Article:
O’Neill deserves third year despite questions


With time winding down in the USC men’s basketball team’s last home game last month, junior forward Nikola Vucevic stepped to the line to take two free throws.

As he prepared to shoot, a faint “one more year” chant could be heard coming from the student section.

This continued as the game reached its final seconds, and while the chant was intended for Vucevic, it could have easily applied to another man on the USC bench: coach Kevin O’Neill.

After USC exited the NCAA tournament as quickly as it entered, questions about O’Neill’s job status hit the Internet. USC has been mediocre during O’Neill’s two years at the helm and there are few signs the program is rapidly improving.

O’Neill did exceed expectations by getting into the tournament this year, but his team’s inconsistent play remains a concern.

Yet, with that in mind, O’Neill deserves one more year to show significant improvement in the basketball program.

O’Neill is the coaching equivalent of a journeyman. He has been to a lot of places, never failing, but never enjoying great success either. He has been to the tournament a couple of times, but never made a huge dent.

Based on past experiences, it’s reasonable to assume O’Neill is not going to turn USC basketball into an annual Pac-10 contender.

Since he’s only been here two years, however, it would be unfair of USC to fire him this summer. He hasn’t fully had a chance to make his mark on the sanction-plagued program, thanks to former coach Tim Floyd.

He also hasn’t had a chance to bring in a lot of recruits, which is important when establishing if a coach is succeeding in a particular environment.

O’Neill has two recruits above an 89 rating, according to ESPN.com, coming in next year, as well as 2009-10 Big Ten Honorable Mention forward Aaron Fuller and center James Blasczyk, a former Texas A&M player and one-time top-50 high school recruit in Texas

It’s not the class John Calipari gets every year at Kentucky, but it’s a solid ragtag group of players, who could come together to help USC to the next level.

But we won’t know until next year, when O’Neill gets the chance to implement his system with the guys he recruited.

If significant improvement — and by that I mean more consistent play, not losing to teams nobody has ever heard of, and becoming a lock for the NCAA tournament — isn’t made, it would be right for Haden to look elsewhere for someone who can lead USC basketball into the elite of the Pac-12.

Now before you snap and say USC basketball will never be Pac-12 elite material or USC basketball isn’t important, consider this: Not only is the Galen Center, built just five years ago, begging for a headlining act, but the entire Pac-12 is begging for someone to step up and be the face of the conference.

Five different teams have won the conference title in the last five years.

If O’Neill can’t get the program on the rise next year, the only way for Pat Haden to fix that is to hire a big name coach and it just so happens there will likely be one on the market next year.

Yup, I’m talking about former Tennessee coach Bruce Pearl.

Despite all the sanctions, I think most would agree Pearl would be a great fit for the Trojan program. He’s young, colorful and a great marketer. He’s also a big name recruits can gravitate to.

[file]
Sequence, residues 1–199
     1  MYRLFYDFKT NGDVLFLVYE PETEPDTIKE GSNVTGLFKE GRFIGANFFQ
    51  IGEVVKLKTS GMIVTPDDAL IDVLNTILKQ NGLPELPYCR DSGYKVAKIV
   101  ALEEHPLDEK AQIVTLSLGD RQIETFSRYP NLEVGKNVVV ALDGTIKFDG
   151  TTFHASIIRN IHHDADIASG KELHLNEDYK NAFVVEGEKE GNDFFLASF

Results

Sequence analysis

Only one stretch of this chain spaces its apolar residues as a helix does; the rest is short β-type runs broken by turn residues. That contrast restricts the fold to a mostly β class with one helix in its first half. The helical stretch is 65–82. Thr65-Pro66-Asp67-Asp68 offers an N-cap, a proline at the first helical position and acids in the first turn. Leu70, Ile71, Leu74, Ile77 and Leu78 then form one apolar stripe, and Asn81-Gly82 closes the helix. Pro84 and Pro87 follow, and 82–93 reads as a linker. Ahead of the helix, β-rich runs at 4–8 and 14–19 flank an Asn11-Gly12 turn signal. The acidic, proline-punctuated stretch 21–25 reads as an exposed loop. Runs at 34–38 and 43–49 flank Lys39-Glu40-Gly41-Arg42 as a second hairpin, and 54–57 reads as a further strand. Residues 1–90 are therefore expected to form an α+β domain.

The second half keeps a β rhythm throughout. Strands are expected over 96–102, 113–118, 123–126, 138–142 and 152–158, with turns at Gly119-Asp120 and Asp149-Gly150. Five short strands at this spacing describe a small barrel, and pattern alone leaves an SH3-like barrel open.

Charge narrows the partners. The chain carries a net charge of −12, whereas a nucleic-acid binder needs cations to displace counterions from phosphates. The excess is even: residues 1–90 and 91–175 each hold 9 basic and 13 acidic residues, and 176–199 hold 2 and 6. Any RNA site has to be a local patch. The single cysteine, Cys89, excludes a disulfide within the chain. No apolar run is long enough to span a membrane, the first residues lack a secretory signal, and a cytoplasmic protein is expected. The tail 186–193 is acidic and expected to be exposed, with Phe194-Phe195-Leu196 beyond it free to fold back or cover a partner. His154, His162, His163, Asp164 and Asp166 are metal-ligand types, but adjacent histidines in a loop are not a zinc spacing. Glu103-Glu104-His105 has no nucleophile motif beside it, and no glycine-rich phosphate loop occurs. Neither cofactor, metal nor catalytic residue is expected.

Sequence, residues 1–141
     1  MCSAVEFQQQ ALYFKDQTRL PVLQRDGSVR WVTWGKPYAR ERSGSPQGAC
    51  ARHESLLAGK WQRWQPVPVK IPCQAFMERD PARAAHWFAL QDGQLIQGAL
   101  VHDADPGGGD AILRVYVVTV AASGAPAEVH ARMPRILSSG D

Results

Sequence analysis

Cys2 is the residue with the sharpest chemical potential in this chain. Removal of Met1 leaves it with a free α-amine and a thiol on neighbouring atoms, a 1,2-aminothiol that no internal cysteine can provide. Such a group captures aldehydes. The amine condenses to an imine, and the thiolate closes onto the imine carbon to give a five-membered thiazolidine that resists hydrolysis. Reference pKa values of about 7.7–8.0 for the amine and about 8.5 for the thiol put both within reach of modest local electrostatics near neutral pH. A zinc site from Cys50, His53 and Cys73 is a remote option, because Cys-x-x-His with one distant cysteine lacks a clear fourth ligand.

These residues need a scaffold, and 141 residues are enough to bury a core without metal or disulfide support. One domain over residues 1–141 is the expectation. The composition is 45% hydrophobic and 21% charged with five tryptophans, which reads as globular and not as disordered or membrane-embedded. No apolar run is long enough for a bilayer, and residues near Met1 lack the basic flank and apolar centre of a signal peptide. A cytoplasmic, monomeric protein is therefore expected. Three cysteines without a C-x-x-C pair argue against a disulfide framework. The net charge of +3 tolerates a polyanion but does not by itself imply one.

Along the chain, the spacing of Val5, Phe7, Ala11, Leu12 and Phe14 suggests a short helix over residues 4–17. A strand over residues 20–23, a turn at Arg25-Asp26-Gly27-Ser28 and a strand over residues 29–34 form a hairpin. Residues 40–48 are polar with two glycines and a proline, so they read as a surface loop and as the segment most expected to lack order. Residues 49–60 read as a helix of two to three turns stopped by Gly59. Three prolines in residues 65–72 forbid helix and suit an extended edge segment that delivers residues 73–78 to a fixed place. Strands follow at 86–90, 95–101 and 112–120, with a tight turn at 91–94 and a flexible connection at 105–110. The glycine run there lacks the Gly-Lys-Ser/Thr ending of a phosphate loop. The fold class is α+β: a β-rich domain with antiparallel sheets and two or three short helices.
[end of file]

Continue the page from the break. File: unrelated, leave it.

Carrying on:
He does have a lot of baggage, however, which is why it would be unwise for USC to even think about him now.

If Haden even hinted he were thinking about Pearl, that would not only send the wrong message to the NCAA Committee of Infractions but would also contradict the delicate reputation Haden has built for the USC athletics program in the past nine months.

Yes, Pearl lied to the NCAA, which is obviously a big no-no. And no, that wasn’t his only offense. Yet, I believe he is truly remorseful and deserves a second chance. And there is no place he would be under a sharper watch than at USC.

I’m aware the Committee on Infractions can give him a two-year show-cause penalty, meaning any place that hires him needs to get approval from the committee first, but Tennessee dismissed Pearl more for its overall athletic reputation than the health of its basketball program.

Barring any extensive penalties handed down to Pearl by the NCAA this summer, if O’Neill can’t show he’s bringing the program to another level after this season, Haden would be wrong to discount Pearl as a replacement once the talk and feelings about his illicit activity die down. But O’Neill definitely deserves this next year to prove his worth.

 

“Spittin’ Sports” runs Fridays. To comment on this article email Kenny at klegan@usc.edu or visit dailytrojan.com.

2 replies
  1. Steve B.
    Steve B. says:

    The real troublemaker was Mike Garrett who pushed hard for O.J. Mayo to help fill the arena. He is the one who knew about Rodney Guillory and all his baggage from the days of Jeff Trep. Floyd would have done well for the Trojans with adding Williams and Jones to the team last year. Brad Stevens would be ideal just signed a very long term extension with Butler a few weeks ago. It is time for a Jewish coach Pearl since every other religion has been represented on the court over the years by the coaching staff.

  2. Weiguo Zhu, MD
    Weiguo Zhu, MD says:

    I think USC should let KO go. He never proved that he is a winer. Arizona was smart to kick him out 3 years ago. Look at Arizona now, can you imaging if KO stayed there. Don’t forget Sean Miller has been with Arizona for only 2 years. Trojans need look for some young guys like Brad Stevens instead of trouble makers, like Tim Floyd, KO or Bruce Pearl. Go trojans!

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